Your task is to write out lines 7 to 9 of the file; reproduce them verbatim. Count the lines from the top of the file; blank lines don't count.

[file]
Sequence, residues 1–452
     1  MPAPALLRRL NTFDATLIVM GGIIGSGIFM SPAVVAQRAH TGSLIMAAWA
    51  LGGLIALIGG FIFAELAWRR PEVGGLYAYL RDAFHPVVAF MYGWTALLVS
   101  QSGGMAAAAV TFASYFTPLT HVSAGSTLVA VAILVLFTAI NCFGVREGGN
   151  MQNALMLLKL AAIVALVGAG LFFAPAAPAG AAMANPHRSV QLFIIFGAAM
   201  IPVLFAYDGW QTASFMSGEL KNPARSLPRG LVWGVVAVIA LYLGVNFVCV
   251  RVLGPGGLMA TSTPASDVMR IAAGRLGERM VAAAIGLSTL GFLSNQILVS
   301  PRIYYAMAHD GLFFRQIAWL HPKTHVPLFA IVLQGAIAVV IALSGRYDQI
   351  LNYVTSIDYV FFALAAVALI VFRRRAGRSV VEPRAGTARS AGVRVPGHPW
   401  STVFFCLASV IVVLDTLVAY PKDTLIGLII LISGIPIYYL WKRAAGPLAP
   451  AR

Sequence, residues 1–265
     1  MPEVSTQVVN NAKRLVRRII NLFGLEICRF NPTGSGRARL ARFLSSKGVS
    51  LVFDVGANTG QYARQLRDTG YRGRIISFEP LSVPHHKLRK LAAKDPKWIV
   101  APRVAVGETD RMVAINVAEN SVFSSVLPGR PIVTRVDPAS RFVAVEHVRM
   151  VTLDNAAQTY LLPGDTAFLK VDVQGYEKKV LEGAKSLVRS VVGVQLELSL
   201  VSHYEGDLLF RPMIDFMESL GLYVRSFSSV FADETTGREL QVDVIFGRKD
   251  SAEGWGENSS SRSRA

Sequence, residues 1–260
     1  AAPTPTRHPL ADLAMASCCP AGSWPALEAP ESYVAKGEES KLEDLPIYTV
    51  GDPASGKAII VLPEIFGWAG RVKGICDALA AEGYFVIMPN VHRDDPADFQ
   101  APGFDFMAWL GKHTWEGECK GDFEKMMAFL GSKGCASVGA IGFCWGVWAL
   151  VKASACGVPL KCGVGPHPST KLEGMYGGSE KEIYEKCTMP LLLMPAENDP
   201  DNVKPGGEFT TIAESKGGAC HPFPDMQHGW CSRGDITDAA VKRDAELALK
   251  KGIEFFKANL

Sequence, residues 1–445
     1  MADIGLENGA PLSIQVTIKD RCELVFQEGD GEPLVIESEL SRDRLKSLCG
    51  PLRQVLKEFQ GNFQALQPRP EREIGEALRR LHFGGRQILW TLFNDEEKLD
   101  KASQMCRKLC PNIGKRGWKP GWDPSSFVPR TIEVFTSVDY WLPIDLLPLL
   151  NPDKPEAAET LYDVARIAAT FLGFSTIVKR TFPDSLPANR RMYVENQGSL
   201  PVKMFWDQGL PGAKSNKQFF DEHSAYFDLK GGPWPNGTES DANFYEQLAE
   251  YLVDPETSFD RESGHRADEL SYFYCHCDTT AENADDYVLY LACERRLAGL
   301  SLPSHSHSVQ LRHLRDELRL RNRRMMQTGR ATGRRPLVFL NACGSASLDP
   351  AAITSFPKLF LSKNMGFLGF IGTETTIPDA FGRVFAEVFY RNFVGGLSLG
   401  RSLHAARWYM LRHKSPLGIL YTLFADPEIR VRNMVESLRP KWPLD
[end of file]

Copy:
   251  RVLGPGGLMA TSTPASDVMR IAAGRLGERM VAAAIGLSTL GFLSNQILVS
   301  PRIYYAMAHD GLFFRQIAWL HPKTHVPLFA IVLQGAIAVV IALSGRYDQI
   351  LNYVTSIDYV FFALAAVALI VFRRRAGRSV VEPRAGTARS AGVRVPGHPW